The serenity of the setting, the graceful branches of old trees beneath a dazzling blue sky belied its reality. We were amid the mass graves of countless Cambodians, children, men and women. The Tuol Sleng Genocide Museum in Cambodia is part of the “The Killing Fields,” the title of the 1984 Academy Award-winning movie about the tribulations of Cambodian journalist Dith Pran.
It has been more than 35 years since the Khmer Rouge under the dictator Pol Pot launched the campaign of slaughter that killed 1.5 million to 2 million Cambodians. Through executions, starvation, beatings, slavery and unspeakable deprivation, the Khmer Rouge attempted to create what they saw as a pure civilization, untainted by capitalism, forcing more than 2 million to leave cities for gulag-like work camps.
If you excelled, if you had a profession, education, a business, you were targeted for termination. All vestiges of culture and society — religion, traditions, health care — were prohibited. Marriages were broken up, families scattered. Random pairings matched a queue of men with a queue of women. An invasion by neighboring Vietnam brought it to an end in 1979.
Tuol Sleng is one of 400 mass graves. It was overwhelming for me and my traveling companions. On the trunk of a particular tree and on fences circling the graves hung a multitude of colorful string bracelets. They belonged to the children who perished. In the circles of red, yellow, blue and green, you saw childhood joys, simple pleasures, innocence.
Another tree, majestic with welcoming shade, bore the sign, “Killing tree against which executioners beat children.” Respectfully removing our shoes, we entered a glass tower that holds the skulls, bones and ragged clothing of those killed. There was a depth of sadness, not only for the massacred, but also for the brutality that humans are capable of. I felt that I was standing on sacred ground. My lips formed a prayer. All I could think was, “Why, God?”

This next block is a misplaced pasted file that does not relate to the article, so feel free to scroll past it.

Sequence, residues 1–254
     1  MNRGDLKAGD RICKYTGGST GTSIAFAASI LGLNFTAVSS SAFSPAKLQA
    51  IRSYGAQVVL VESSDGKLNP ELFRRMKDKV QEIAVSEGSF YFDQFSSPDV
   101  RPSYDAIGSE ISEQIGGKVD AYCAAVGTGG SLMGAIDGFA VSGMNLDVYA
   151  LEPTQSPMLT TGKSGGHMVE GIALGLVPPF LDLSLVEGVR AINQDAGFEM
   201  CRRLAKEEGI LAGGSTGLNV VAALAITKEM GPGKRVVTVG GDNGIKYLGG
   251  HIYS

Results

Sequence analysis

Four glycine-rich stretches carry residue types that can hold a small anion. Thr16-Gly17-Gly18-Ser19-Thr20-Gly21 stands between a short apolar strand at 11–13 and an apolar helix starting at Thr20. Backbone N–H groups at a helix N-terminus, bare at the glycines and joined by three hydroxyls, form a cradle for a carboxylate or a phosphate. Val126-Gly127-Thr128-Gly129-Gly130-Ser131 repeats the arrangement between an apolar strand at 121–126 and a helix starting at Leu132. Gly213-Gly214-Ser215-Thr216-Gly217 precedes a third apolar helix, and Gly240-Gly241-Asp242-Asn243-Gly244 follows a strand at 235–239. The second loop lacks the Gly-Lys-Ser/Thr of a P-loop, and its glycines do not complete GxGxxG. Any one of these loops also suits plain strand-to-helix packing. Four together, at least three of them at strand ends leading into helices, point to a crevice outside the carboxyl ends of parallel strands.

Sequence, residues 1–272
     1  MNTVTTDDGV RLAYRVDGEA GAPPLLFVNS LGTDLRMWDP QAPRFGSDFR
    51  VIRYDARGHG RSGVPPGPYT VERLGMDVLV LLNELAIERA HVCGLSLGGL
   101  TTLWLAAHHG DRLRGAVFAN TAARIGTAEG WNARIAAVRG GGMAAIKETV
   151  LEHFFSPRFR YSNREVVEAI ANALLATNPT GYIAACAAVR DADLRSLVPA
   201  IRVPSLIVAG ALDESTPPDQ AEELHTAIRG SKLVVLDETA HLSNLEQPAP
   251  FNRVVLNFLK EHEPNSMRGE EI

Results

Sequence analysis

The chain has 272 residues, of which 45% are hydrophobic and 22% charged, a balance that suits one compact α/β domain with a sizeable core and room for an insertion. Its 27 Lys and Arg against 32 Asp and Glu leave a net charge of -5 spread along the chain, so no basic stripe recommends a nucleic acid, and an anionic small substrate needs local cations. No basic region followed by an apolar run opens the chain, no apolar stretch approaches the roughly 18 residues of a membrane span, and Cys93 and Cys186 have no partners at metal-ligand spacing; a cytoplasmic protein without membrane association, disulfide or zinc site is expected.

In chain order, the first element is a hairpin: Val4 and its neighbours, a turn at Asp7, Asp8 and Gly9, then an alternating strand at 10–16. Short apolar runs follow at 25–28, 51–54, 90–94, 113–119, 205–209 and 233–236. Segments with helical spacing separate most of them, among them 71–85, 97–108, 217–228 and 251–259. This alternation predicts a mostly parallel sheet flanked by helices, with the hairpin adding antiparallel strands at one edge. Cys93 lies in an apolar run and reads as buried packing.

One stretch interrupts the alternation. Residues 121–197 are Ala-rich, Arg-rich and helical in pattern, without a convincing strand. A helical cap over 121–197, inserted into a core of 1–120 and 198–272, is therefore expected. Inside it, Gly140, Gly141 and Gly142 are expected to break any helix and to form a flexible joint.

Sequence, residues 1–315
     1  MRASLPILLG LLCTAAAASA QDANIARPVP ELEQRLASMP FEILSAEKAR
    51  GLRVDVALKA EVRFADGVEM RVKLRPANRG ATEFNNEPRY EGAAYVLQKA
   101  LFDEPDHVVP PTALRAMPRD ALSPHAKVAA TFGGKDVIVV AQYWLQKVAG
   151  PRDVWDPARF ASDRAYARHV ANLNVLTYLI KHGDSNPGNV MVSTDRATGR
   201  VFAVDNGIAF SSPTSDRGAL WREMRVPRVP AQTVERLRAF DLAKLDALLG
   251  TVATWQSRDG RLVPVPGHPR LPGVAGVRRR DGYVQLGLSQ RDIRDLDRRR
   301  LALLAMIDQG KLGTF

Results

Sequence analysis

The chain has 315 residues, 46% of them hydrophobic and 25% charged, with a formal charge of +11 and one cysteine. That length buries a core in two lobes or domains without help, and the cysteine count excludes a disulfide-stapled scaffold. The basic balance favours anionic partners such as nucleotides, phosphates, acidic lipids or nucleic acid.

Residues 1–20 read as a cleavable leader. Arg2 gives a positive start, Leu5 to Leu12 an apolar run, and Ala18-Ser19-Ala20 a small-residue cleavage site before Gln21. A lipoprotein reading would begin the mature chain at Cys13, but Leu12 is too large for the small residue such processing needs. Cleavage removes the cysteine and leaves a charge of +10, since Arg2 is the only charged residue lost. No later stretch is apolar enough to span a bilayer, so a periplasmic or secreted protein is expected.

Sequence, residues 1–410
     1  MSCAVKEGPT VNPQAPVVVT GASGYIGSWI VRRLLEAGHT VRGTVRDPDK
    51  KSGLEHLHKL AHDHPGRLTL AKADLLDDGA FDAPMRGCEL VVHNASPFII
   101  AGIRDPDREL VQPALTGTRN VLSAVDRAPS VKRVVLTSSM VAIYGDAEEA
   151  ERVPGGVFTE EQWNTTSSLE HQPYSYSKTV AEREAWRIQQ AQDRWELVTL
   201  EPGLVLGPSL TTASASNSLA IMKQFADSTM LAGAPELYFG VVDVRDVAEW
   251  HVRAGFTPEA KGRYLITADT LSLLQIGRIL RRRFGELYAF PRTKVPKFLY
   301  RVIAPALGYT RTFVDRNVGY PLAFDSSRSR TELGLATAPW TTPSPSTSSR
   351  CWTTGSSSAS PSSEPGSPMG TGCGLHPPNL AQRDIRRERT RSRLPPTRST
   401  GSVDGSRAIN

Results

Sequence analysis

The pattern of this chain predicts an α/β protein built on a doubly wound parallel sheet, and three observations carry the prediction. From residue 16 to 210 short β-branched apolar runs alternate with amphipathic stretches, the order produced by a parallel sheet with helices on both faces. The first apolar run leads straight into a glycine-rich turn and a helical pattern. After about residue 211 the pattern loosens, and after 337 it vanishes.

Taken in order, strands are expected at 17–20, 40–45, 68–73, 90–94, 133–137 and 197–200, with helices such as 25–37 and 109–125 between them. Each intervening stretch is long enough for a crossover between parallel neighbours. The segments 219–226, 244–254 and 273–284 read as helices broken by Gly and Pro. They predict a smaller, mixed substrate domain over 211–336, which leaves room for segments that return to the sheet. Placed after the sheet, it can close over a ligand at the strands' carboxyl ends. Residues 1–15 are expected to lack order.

Later I attended a dinner celebrating the 25th anniversary of Catholic Relief Services in Cambodia. I sat with the leaders of ministries and agencies that work with us to improve education, health and livelihoods. They exuded energy, poise and intelligence. How could that be with those killing fields so close by, in geography and in time?
The man on my right had attended Oxford University. He had been a bit older than his fellow students due to years spent in the countryside under the Khmer Rouge. On my left was an attractive and vivacious lady who had trained to become a physician in France. Next to her was a man who went to Minneapolis and Boston to earn degrees in public health.
They were eager to share stories of their pasts in Cambodia, telling me that under Pol Pot, they began each day hungry, wondering where they would find food; how after the brutality ended, various agencies, church groups, even strangers, came to their aid, gave them a chance.
They told me that it is time to put the past behind, even if that means a role for the Khmer Rouge in the country’s future. They want an acknowledgement of the atrocities, but most of all they want peace, a peace that may require them to let go of the need for their pound of flesh.
There was laughter that evening, a celebration of spirit, drive, opportunities, of strangers who cared. I thought of the many parish groups who reached out to people like these 30 years ago. These are the fruits of your labor. Compassion is humanity’s signature.
Before we left Phnom Penh, we stopped at the Jesuit Refugee Services’ Peace Cafe, which offered gifts crafted by victims of land mines. We were drawn to a simple metal form of Jesus on the cross without his left lower limb. These victims claimed Christ in their suffering; they knew Christ claimed them in his.
Woo is president and CEO of Catholic Relief Services.